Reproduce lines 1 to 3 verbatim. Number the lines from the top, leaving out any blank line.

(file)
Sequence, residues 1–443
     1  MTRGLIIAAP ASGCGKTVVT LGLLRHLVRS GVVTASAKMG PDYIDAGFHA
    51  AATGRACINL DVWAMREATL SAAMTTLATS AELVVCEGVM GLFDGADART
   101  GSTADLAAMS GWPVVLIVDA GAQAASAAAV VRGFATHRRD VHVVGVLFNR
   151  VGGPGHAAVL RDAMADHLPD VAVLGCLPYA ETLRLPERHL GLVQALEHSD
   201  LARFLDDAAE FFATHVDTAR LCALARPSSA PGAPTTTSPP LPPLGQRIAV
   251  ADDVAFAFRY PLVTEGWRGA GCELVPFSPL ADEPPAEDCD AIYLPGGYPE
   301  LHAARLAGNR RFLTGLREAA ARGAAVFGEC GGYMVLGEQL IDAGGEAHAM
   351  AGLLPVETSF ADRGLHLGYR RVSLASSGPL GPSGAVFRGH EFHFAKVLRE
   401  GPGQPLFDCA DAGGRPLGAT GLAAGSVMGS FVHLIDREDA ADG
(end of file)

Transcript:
Sequence, residues 1–443
     1  MTRGLIIAAP ASGCGKTVVT LGLLRHLVRS GVVTASAKMG PDYIDAGFHA
    51  AATGRACINL DVWAMREATL SAAMTTLATS AELVVCEGVM GLFDGADART